01 February 2008

Setting out on the first day of spring

Anois teacht an Earraigh beidh an lá ag dul chun síneadh,
Is tar éis na Féile Bríde ardóidh mé mo sheol;
Ó chuir mé i mo cheann é, ní stopfaidh mé choíche
Go seasfaidh mé thíos i lár Chontae Mhaigh Eo.

Now that Spring is here and the days getting longer,
After the Feast of St Brigid I’ll hoist my sail.
Since I took the notion I won’t rest
Till I’m right in the heart of County Mayo.

That’s my rough, non-poetic and non-literal translation of the opening lines of a poem by Antaine Raifteirí (Ó Reachtúra), 1784-1835, that we learned in school in Ireland. The poet, illiterate and blind from childhood because of smallpox, was from County Mayo in the west of Ireland, the same county where Columban Co-founder Father John Blowick was born 53 years after the death of Raftery, as his name is anglicized.

The first day of February is the feast of St Brigid (c.451-525) in Ireland and is considered the first day of spring. In northern Europe this time of year is one of hope. The long, dark nights of winter are receding, even though wintry weather may still be there. Right now there’s very stormy weather in Ireland and Britain. Nature in the temperate areas of the northern hemisphere is in tune with Lent and Easter in a way that isn’t as evident in the tropics. And in the temperate regions in the southern hemisphere autumn reigns, with winter not far behind. Though I’ve been here in the Philippines most of the time since 1971 an ‘inner calendar’ still follows the rhythm of the four seasons I experienced as a child and young man in Ireland.

I don’t know what time of year it was when St Columban (Columbanus) and his twelve companions set off in a small boat from the monastery of Bangor in the present-day County Down in Northern Ireland, on the northeast coast of Ireland. They probably arrived in Gaul, which we now call France, around 590 or 591, though some say they arrived twenty years before that. His travels, during which he established a number of monasteries, through modern-day France, Germany, Switzerland and Austria, eventually led him to cross the Alps into northern Italy where he founded his last monastery in Bobbio, south of Milan, where he died on 23 November 615, the date now observed as his feast day, though some say 21 November. However, there’s no dispute about the year.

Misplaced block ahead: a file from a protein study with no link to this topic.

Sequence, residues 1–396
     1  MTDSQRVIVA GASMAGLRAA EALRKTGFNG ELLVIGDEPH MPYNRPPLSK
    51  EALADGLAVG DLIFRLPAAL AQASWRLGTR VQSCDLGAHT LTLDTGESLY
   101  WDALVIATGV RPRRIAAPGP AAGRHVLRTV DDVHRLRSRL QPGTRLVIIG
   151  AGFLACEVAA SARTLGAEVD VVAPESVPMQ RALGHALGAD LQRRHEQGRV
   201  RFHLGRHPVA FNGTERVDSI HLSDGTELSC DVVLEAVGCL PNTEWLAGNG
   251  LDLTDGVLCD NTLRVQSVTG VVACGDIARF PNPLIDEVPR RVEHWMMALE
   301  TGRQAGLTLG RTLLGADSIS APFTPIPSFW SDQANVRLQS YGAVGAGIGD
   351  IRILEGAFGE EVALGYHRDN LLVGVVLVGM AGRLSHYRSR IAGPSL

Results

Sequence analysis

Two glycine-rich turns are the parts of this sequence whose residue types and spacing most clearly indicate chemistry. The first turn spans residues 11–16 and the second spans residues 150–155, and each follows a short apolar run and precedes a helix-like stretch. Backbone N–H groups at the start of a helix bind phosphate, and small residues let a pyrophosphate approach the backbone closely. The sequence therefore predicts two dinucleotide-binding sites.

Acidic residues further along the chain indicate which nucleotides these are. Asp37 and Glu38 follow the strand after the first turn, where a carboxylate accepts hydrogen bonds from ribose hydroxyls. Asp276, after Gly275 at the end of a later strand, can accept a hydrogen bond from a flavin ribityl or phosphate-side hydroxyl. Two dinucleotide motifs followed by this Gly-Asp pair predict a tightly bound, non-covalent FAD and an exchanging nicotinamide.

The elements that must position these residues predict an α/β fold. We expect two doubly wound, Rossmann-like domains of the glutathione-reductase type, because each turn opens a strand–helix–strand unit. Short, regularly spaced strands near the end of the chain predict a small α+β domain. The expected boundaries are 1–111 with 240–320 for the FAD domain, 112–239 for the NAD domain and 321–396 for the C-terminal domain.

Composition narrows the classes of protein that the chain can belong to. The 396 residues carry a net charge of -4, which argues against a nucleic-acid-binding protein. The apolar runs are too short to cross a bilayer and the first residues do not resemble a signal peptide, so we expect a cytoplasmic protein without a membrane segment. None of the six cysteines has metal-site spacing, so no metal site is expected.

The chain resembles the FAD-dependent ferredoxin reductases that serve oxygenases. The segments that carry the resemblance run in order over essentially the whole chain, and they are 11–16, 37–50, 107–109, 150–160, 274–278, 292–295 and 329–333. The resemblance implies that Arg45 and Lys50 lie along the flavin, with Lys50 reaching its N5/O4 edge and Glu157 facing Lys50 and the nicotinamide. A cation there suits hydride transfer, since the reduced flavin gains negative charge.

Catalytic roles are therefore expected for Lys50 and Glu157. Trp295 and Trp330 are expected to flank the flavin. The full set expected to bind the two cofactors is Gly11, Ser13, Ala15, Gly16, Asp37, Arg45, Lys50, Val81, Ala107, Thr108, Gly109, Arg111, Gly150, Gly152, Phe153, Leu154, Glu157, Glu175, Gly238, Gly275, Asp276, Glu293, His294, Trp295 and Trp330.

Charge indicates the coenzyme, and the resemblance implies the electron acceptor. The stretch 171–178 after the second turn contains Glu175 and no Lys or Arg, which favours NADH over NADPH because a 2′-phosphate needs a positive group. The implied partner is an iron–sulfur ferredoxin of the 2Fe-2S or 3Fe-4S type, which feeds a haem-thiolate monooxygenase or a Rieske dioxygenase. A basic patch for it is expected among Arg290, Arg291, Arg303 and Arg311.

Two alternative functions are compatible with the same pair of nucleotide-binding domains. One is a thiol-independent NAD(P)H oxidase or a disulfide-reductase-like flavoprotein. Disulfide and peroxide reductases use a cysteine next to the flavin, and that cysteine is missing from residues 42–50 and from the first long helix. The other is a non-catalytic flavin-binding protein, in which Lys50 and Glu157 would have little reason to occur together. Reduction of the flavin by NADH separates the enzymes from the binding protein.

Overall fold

Columban lived out the motto of many Irish monks of his time, Peregrinari pro Christo, ‘to be a pilgrim/wanderer/traveller/ for Christ’. The other Co-founder of the Columbans, Bishop Edward Galvin, was born on the saint’s feast day in 1882 and chose this great missionary as the patron of the Society of St Columban, which was formally established on the Feast of Sts Peter and Paul, 29 June, in 1918 to spread the Gospel in China.

I joined the Columbans in 1961 was ordained on 20 December 1967 and, after studies in the USA, arrived in the Philippines on 3 October 1971. I’ve been here most of the time since.

The gospel readings at Mass this week have featured parables of Jesus about seeds, very appropriately for places where spring is beginning. My prayer is that this blog, and The Pilgrims’ Inn, being launched very soon on http://www.misyononline.com/ , the website of Misyon, the Columban magazine in the Philippines which I edit, may both bear fruit.

Last Tuesday, 29 January, Father Tim Finigan of the Archdiocese of Southwark, England, had the video below in his blog, which fits in beautifully with the theme of spring, seed, new life and Pro-Life Sunday here in the Philippines, 3 February.

Unlike Father Tim’s blog this probably won’t be updated (almost) every day. But I hope it will be both active and interactive in the service of the Gospel of our Lord Jesus Christ and of his Church.

1 comment:

Anonymous said...

Beautiful post Fr! Welcome to blogging...